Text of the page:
Hurricane Sally, a Category 2 drencher, makes landfall near Gulf Shores, Alabama

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Hurricane Sally, a Category 2 drencher, makes landfall near Gulf Shores, Alabama

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The storms impacts will be felt across the southern U.S. for days after its initial landfall.

Accuweather

PENSACOLA, Fla. – The eye of Hurricane Sally made landfall early Wednesday as a drenching, Category 2 storm near Gulf Shores, Alabama, and the National Hurricane Center warned of impending, life threatening flooding.

Strong winds continued to batter the Gulf Coast, and the storm could strengthen further as it moves inland, said Stacy Stewart, a senior specialist with the National Hurricane Center.  

“Historic and catastrophic flooding is unfolding,” Steward said.

Almost 400,000 homes and businesses were without power in Alabama and Florida amid heavy rains, flooding and strong winds. Those numbers are expected to climb through the morning as Sally moves deeper inland.

Sally is forecast to move inland across southeastern Alabama on Wednesday night, dumping “life threatening” rainfall over portions of the Gulf Coast, Florida panhandle and southeastern Alabama, Stewart said.

Through this afternoon, Sally will produce additional rainfall totals of 8 to 12 inches with localized higher amounts possible along the central Gulf Coast from west of Tallahassee, Florida to Mobile Bay, Alabama. Rain totals of 10 to 20 inches to isolated amounts of a stunning 35 inches are expected.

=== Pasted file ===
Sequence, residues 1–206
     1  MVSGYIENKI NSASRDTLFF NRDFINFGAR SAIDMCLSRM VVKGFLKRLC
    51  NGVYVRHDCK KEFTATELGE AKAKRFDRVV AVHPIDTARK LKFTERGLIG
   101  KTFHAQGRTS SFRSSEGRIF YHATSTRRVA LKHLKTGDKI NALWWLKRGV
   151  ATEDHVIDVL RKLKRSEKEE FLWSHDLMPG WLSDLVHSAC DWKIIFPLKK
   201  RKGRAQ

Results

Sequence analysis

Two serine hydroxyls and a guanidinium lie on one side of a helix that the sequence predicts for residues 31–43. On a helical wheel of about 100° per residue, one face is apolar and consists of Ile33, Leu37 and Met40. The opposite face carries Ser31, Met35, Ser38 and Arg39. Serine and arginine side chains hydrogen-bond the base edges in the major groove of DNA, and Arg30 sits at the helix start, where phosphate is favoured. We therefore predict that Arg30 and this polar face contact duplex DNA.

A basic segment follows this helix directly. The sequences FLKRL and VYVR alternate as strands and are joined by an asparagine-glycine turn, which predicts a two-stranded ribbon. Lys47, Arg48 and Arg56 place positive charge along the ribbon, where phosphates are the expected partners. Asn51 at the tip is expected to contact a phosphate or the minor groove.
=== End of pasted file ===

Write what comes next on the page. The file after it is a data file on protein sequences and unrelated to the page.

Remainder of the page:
Heavy rainfall also is forecast Wednesday night and Thursday over portions of central and southern Georgia, Stewart said. 

Already trees are falling, street signs are swinging and cars are getting stuck in floods in Gulf Shores, Alabama, according to videos posted on social media. More than 300,000 customers are without power in Alabama, Florida and Louisiana. 

“It’s going to be a huge rainmaker,” said Phil Klotzbach, a research scientist and meteorologist at Colorado State University. “It’s not going to be pretty.”

Sally will be the eighth named storm to make landfall in the continental U.S. this year — the most through Sept. 16 in recorded history, surpassing the seven storms of 1916, Klotzbach said. The record for most continental U.S. landfalls in a single Atlantic season is nine, also set in 1916. 

Meanwhile Teddy has rapidly intensified into a hurricane and is forecast to become a catastrophic Category 4, possibly reaching Bermuda this weekend. 

Forecasters say Sally could bring 10 to 20 inches of rain from the Florida Panhandle to southeast Mississippi, with some isolated pockets of rain up to 30 inches. The rain along and just inland of the coast could bring “historic life-threatening flash flooding” through Wednesday, the Hurricane Center said.

Up to 7 feet of storm surge was also forecast across Alabama’s coastline from the Mississippi border to Florida border, forecasters said.

Isolated tornadoes could also occur Wednesday across portions of the Florida Panhandle and southern Alabama, according to the Hurricane Center.

As it moves inland, Sally could also dump up to a foot of rain along pockets of southeastern Mississippi, southern and central Alabama, northern Georgia and the western Carolinas.

President Donald Trump issued emergency declarations for parts of Louisiana, Mississippi and Alabama on Monday. “Be ready and listen to State and Local Leaders!” Trump tweeted.

Florida Gov. Ron DeSantis declared a state of emergency in Escambia and Santa Rosa counties, along the western part of the Panhandle, which already was being pummeled with rain from Sally’s outer bands.

In Alabama, Gov. Kay Ivey also issued a state of an emergency closing Alabama’s beaches. The causeway to Dauphin Island, which was already flooding, was closed, and downtown Mobile was nearly deserted. Ivey warned residents living along the Gulf, especially south of Interstate 10 or in low-lying areas, to evacuate if conditions permit.

“This is not worth risking your life,” Ivey said during a news conference Tuesday.

Contributing: Annie Blanks and Jonathan Tully, Pensacola News Journal; Sarah Ann Dueñas and Nate Chute, Montgomery Advertiser; The Associated Press

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